Tuesday, March 30, 2010

Super Parents are Just Ordinary People, Part 4

Part Four: Teach Kids How to Handle Money Wisely

“Don’t leave home without it.” I’m not talking about an American Express card, but rather the know-how to handle money wisely. I’m sure we can all think of people who did leave home without it and are paying the price now. That’s why teaching our children about money-management--beginning at a young age--is such an ordinary, yet important part of being a super parent.

A simple way to raise money-wise kids is to start them on an envelope system as soon as they’re old enough to grasp the concept. An article in the latest issue of Thriving Family magazine suggested using the 5-envelope system: Give, Save, Spend, Clothes, Gifts. Then help them to divide any money they earn into those envelopes (10% in give and 10% in save as a general guide).

That begs the question: how do kids earn money? The same way we as adults earn money—work. If I want to buy something but don’t have the money for it, I have to save for awhile, or I have to find additional work. Most of the money problems adults face are because they failed to do either. So I think it is helpful to prepare our children for the real world by helping them learn early that if they want something but don’t have the money, they have to patiently save what they earn, and they probably have to find additional work as well.

Children can find plenty of work for which they can earn money right under their own roof. Doing certain chores is just a necessary part of being a member of the family; but extra jobs can be a source of revenue. Dave Ramsey said this approach worked for his family. In addition to mandatory chores, there were other jobs: if the kids did them, they earned a small allowance each week; if they didn’t, they didn’t get paid. I like that idea. It is good training for the life in the real world.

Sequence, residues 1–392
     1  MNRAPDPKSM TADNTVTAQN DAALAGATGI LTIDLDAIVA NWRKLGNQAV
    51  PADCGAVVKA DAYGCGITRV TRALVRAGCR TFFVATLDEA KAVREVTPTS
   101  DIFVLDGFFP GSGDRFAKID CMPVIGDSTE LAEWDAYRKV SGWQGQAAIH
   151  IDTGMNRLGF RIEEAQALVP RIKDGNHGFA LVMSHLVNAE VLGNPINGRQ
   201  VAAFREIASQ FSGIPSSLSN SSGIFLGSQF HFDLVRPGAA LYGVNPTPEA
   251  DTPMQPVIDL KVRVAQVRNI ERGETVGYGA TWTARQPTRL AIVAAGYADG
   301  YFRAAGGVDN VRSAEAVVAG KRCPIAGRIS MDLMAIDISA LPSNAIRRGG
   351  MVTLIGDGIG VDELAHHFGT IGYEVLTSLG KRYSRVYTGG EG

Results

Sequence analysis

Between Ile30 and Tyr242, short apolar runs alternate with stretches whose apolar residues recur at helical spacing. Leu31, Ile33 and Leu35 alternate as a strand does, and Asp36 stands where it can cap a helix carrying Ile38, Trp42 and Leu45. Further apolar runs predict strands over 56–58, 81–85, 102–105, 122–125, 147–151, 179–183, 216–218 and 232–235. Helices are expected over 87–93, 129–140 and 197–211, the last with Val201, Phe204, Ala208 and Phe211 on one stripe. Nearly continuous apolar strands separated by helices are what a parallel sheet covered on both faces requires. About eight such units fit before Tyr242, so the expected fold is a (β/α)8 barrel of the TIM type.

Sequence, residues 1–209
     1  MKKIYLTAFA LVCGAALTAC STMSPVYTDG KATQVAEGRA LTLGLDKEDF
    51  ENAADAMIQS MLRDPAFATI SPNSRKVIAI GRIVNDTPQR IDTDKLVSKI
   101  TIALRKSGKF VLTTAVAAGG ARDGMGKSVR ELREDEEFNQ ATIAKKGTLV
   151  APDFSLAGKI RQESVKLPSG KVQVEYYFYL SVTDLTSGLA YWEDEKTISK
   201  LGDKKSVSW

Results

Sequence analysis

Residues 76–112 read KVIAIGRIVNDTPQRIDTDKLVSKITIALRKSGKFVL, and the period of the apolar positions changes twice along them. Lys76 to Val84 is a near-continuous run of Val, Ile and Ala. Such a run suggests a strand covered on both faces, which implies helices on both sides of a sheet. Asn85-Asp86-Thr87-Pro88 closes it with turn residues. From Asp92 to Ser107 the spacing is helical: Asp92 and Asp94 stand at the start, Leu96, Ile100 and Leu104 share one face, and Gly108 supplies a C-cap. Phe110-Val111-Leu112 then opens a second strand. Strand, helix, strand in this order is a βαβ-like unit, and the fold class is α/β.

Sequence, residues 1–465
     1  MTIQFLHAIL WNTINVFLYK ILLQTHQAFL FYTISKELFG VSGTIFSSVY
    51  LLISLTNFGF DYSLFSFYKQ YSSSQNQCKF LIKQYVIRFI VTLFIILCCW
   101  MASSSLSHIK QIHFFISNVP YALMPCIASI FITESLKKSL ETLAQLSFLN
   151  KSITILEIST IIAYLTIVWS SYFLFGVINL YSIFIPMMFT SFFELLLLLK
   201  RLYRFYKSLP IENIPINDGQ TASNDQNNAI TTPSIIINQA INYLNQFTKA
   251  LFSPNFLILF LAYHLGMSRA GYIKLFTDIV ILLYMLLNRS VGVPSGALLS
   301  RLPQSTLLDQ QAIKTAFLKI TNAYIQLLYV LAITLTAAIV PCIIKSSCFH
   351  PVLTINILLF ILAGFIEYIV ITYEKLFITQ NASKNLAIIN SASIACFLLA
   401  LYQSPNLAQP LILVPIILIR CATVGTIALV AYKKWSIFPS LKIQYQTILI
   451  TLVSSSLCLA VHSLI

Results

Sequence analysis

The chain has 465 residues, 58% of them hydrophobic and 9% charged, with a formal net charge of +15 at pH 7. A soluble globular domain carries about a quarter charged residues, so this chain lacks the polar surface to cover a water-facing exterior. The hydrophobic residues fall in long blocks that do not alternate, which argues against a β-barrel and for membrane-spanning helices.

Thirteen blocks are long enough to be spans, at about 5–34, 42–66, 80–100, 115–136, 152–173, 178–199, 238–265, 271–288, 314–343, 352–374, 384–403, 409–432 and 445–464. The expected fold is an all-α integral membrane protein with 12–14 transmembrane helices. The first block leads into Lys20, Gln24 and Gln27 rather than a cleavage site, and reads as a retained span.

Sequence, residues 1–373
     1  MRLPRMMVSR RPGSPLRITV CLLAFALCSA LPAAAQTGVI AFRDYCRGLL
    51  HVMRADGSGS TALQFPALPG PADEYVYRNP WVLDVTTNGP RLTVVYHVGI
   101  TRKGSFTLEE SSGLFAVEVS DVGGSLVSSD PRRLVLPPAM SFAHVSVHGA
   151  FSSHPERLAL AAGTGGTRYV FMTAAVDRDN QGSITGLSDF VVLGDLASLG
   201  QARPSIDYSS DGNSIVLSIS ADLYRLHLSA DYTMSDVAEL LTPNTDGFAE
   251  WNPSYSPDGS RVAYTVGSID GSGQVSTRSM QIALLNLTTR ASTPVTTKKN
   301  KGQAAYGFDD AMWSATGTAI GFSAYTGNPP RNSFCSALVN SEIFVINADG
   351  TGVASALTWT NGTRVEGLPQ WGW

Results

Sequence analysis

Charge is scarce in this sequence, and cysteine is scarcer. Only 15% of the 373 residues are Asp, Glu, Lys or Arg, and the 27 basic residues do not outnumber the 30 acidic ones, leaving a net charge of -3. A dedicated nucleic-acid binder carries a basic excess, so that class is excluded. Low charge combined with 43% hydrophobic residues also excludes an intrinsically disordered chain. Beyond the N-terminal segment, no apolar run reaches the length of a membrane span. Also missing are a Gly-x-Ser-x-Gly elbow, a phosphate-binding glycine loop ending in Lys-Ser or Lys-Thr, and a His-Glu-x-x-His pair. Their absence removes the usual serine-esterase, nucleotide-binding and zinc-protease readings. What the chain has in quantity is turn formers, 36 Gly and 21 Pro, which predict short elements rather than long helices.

Some practical notes on the envelope system—it would take my 3-year old months to save up five dollars in his clothes' envelope. Does this mean he is relegated to one shirt from Walmart for the next year? Of course not. My husband and I will still be buying our children most of what they need (and probably want, too—within reason). But when we go clothes' shopping, for example, I’ll take their envelopes with us, so they can see how buying stuff works, and they can contribute. As they grow (and earn more), I’ll probably expect them to pick up more on their own.

Toy shopping is another ballgame. They don’t need more toys, so anything they want in addition to what they already have, they are going to have to save for and pay for out of their own funds. Unfortunately, they usually see something they want at a strange time when I don’t have their envelopes with us, so this isn’t a perfect system yet. But it’s a good place to start.

Even if we make some mistakes here and there, by ingraining good money habits in our kids, we’ll send them out on their own not needing a bail-out.

The rest of the "Super Parents are Just Ordinary People Doing Ordinary Things Consistently" series:
Part One: Teach Them about Jesus and the Word
Part Two: Be Who You Are
Part Three: Teach Children to Work


  1. Thanks for the mention of our article in Thriving Family Magazine "Kids and Cash." If your readers want to read the entire article, they can do so online here: http://bit.ly/946ste (scroll down to the 2nd article).

    If you would like to consider writing freelance articles for Thriving Family, details here: http://bit.ly/dbW1Sz.

    Thanks again - we appreciate it!

  2. Thanks! I googled the magazine before posting to try to link to the article but only got to this page: http://www.focusonthefamily.com/thrivingfamily/index.html

    I will add in the link now.
    Just sent an email to you as well. Thank you for the freelance invitation; I am very interested.